Friday, October 07, 2005

Frist Narrowly Escapes Certain Scandal

I bought a copy of today's Commercial Appeal to read while eating lunch. (At Pho Hoa Binh on Madison, by the way, after reading EJ's frequent raves about the place. It's very good, although being served a can of Coke and glass of ice seems kinda tacky. I was well into one dish before discovering it was tofu! And the curried potato soup is great on chill days. Thanks for the rec Eric!)

Anyway, my eyes nearly fell out of their sockets when they tripped over one news giblet. Since I don't think it's in the online version (Who can tell? The online and print editions are arranged differently. Happy searching.), I'll transcribe it:
Former Commercial Appeal political columnist Susan Adler Thorp went back and forth with Senate Majority Leader Bill Frist's office, and met with Frist in Memphis, before deciding not to take a job as his press secretary.

"We talked numerous times by phone and email and I seriously considered it," Thorp, 56, siad. "Over the years, I've developed a great deal of respect and admiration for Senator Frist, but I unfortunately couldn't accept the position."

Frist's chief of staff, Andrea Becker, said through a deputy press secretary Thursday that the new press secretary will be announced next week. She also said the office does not comment on the selection process.
Bloody fucking hell. It sounds like Thorp was approached by Frist's office and she turned them down. The bit was likely written by Bartholomew Sullivan, the CA's Washington bureau dude, and a long time colleague of Thorp's. Neither is known for fidelity to facts nor descriptions resembling the described, so how much of this is accurate is up for grabs. Still, I am dumb-founded. Admittedly, the piece was very short, but what it didn't mention is the real story.

Thorp is a walking, talking scandal. Widely criticised during her tenure at the paper for being a Democratic shill and partisan, while cloaking herself in the above-it-all robe of "longtime political observer," Thorp often used her column for various vendettas and personal agendas. Her final, and to me most infamous, vendetta was in the month surrounding the 2002 Shelby County elections.

Thorp wrote ten columns during those four weeks. Five specifically and vociferously attacked the Republican candidate for Shelby County Mayor, George Flinn, on a variety of fronts, including a laugable but enraging charge that his campaign manager was rude to her at a local grocery store. She never wrote a column about the other, Democratic, candidate (victor AC Wharton), but did laud Wharton in columns attacking Flinn. She ended her run with the famous "exit interview," wherein she interviewed Flinn as though he was being shown the door in his political aspirations.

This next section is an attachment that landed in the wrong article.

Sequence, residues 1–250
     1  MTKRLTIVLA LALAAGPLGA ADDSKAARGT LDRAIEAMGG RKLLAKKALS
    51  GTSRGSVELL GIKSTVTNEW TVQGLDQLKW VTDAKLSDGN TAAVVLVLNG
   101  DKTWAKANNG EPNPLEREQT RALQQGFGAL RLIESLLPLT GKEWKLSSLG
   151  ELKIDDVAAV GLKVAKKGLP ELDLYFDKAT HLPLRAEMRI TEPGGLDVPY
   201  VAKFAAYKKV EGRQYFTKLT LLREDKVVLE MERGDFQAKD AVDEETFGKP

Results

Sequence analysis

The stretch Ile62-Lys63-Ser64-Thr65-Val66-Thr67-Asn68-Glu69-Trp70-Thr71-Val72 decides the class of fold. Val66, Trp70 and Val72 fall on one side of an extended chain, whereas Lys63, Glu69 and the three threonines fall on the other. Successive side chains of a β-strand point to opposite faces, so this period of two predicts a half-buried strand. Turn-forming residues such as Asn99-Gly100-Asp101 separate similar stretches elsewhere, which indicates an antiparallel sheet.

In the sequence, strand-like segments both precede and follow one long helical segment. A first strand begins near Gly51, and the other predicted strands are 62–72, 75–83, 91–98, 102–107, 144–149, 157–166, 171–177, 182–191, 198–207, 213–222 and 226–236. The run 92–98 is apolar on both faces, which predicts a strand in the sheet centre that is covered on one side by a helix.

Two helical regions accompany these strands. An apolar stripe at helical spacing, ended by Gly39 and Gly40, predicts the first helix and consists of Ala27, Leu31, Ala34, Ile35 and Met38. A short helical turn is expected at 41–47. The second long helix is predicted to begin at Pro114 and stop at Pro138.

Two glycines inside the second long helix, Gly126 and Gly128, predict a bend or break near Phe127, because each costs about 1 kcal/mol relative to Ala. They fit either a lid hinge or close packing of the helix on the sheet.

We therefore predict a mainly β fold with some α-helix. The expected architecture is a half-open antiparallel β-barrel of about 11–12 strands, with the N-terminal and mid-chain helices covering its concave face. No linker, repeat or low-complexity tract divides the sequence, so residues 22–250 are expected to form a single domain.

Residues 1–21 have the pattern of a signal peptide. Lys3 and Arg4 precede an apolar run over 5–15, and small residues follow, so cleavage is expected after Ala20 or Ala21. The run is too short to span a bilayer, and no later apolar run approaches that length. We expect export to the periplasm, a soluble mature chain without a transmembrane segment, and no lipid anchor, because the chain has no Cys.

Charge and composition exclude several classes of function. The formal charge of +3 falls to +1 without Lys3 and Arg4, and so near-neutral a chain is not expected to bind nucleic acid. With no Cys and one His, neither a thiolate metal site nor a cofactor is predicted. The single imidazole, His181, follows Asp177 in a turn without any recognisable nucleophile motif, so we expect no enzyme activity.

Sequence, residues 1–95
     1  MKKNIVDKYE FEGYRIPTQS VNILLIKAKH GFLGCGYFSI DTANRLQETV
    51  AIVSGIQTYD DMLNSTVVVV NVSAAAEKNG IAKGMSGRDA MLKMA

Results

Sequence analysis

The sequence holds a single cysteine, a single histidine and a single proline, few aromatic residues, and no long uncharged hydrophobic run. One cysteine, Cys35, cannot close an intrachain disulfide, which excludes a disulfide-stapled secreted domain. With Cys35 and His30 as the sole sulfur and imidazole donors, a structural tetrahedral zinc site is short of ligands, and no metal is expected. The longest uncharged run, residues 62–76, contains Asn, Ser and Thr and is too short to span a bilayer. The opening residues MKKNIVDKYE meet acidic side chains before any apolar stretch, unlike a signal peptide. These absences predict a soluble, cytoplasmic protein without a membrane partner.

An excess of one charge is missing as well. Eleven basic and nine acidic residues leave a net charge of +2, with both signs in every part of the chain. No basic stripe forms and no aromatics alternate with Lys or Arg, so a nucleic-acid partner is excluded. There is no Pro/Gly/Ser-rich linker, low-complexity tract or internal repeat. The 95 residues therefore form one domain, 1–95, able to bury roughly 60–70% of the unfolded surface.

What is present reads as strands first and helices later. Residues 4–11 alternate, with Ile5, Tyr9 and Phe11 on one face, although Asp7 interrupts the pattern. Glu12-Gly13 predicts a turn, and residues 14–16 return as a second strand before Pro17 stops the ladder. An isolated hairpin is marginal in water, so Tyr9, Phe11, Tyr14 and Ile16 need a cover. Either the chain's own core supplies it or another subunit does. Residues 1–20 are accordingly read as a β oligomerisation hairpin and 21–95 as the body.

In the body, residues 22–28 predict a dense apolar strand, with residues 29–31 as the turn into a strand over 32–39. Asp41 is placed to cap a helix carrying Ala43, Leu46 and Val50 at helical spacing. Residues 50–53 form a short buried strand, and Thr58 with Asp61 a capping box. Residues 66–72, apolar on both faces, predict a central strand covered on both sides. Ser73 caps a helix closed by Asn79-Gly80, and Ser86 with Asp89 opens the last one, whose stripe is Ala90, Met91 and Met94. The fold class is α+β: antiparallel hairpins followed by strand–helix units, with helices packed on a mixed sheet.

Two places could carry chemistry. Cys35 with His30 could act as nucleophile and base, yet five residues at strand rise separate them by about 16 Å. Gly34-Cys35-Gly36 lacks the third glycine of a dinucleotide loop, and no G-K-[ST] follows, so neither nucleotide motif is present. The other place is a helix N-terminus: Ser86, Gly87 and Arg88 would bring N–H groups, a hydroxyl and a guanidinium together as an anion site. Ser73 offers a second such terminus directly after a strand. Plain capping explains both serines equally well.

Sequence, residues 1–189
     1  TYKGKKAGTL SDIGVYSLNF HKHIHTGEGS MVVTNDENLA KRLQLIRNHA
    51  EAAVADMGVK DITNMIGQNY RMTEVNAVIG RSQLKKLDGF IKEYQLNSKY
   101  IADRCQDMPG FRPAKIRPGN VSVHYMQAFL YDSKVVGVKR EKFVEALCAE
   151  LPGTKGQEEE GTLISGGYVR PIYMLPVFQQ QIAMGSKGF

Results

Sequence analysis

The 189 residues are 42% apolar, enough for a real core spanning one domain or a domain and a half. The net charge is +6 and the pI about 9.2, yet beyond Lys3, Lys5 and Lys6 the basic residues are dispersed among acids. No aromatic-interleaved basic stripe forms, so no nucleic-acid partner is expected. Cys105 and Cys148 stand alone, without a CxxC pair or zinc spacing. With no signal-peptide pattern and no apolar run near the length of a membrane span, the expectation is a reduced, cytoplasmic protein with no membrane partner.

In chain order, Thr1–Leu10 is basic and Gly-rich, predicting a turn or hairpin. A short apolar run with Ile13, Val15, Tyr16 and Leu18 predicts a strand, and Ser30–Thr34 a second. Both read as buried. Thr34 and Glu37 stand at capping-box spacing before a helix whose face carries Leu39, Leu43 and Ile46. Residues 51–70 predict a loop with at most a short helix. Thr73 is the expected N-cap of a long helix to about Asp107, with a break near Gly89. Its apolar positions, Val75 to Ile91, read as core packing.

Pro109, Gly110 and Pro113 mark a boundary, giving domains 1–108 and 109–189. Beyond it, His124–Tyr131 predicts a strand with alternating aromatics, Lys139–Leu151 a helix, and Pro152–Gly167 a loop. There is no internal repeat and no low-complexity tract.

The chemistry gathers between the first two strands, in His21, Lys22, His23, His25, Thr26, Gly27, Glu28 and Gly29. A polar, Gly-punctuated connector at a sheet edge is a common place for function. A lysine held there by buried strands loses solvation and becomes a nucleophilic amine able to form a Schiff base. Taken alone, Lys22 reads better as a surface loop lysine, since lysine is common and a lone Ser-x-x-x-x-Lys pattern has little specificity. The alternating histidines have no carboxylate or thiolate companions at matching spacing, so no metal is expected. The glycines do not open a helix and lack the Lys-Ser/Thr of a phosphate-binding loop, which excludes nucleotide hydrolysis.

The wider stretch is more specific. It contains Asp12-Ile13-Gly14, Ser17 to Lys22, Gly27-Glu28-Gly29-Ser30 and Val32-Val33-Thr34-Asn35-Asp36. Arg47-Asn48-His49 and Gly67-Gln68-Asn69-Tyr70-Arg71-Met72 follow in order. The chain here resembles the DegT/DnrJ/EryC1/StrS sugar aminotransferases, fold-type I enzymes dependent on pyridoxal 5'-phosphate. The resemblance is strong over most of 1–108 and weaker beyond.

She also wrote one column where, after a career spent denigrating people involving themselves in politics who have no background, no experience, no understanding of the issues and no platform (witness her attacks on Flinn), she found the two "no hope" unknowns running as Democrats against the prohibitive Republican front-runners. (One was eventual winner Marsha Blackburn, whom Thorp had already been attacking.) Thorp had never written about these kinds of stealth candidates before, except in the usual CA modes of genteel derision or passing note. Neither Democrat had the slightest idea what was going on; both were immaculate embodiments of everything Thorp had long despised. And yet she treated them with respect and seriousness. It was a transparent effort to give some boost to Democratic chances.

Mere weeks after this, Thorp abrupty quit the CA to take a new job: communications director with new Shelby County Mayor AC Wharton! Despite a long career as a newswoman, demanding people answer her questions under pain of her making up answers for them, she brushed aside any hints of quid pro quo or cronyism by clamming up.